About Michael Dyer and his music:
Michael Dyer has been writing songs, on and off, for several decades but had never arranged, performed, or produced his songs. Then, in 2006 he discovered music editing software when he acquired a new Mac computer. Using this software, he began producing his backlog of songs (as time permitted, since he has a full-time job as an educator and also a part-time hobby as a glass-blower.) The result is that he released 3 CDs in 2007 on CDBaby.com: Nothing Seems Like What It Seems, Our Unwinding Time, and Aboriginal Angel. In 2008, he released 2 more CDs: Compli-intricated Life and Butterfly's Release. In 2009 he released a CD containing 10 Christmas and 2 New Years-related songs (Christmas Comes Just Once a Year). In 2010 he released a soft-blues CD (Blues Souffle) and in 2011 he released a blues CD (Blues Brulee) and an Adult Contemporary CD: What I Just Found. His CDs are available at CDbaby.com (physical CDs or downloads) and at iTunes.
More recently, he has finished a radio-play/musical, titled: DRAGON'S BLOOD: A Radio Play & Musical, to be released in Feb. 2013 as a 2-CD set, available at CDbaby.com. This radio-play/musical is 2.5 hours in length, with 7 characters and 8 scenes. The 2-CD set contains 56 tracks (24 are song tracks, interspersed among 32 dialog tracks). He wrote, composed, arranged and produced it. Unlike his earlier CDs, the vocals on Dragon's Blood songs are sung by other singers. These singers are: Andrew Abaria (as Vandar), Aelim Chedry (as Vladimir), Ellie Jepperson (as Angela), Jani Kosturski (as Dr. Datura), Macain Treat (as Travis), and Amy May Wilson (as Lucinda).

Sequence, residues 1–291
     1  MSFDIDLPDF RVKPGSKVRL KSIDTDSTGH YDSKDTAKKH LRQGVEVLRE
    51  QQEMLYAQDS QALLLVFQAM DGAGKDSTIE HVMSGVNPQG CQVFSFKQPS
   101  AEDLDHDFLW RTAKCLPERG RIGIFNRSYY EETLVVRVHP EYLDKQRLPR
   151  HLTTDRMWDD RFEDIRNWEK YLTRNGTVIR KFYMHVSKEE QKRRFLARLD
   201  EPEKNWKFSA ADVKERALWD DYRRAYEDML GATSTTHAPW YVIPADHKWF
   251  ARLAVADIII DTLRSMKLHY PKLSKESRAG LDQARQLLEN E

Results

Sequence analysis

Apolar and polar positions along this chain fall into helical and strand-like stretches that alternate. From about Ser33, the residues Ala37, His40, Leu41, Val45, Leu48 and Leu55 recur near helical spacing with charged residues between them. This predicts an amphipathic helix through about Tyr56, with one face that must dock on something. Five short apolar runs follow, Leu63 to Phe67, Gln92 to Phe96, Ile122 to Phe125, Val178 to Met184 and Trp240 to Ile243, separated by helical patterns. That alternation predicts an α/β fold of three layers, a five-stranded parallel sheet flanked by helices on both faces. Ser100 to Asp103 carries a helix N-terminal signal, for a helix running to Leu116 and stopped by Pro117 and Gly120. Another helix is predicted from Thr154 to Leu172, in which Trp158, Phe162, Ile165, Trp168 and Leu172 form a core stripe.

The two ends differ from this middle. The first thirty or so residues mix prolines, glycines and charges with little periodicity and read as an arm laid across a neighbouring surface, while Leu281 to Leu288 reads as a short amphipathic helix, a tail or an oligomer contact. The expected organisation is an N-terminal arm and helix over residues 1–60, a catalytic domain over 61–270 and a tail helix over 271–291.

Michael Dyer is a singer/songwriter who is sole performer of all instruments on all tracks of each CD. His songs usually contain complex picking patterns, along with dual-lead guitars and some keyboard. He plays bass and tries to provide well-defined bass themes. He does not play drums and so his percussion results from carefully created and/or modified drum loops. His lyrics usually involve love and relationships but also may cover other themes, such as the search for enlightenment ("The Trek") or the state of the economy ("Credit Default Swap Blues").
Some songs are narrative in nature. For example, in the song, "Aboriginal Angel", he dreams that he has rescued an aboriginal angel who is pursued by devils. Instead of playing a harp, this angel "…didn’t carry a harp. She found its sound too high and too sharp…" Instead, she played "… rock ‘n’ blues on two didgeridoos…". When he awakens, he finds a real didgeridoo that she has left for him. In that song, Dyer plays the didgeridoo as a lead instrument, alongside lead guitar.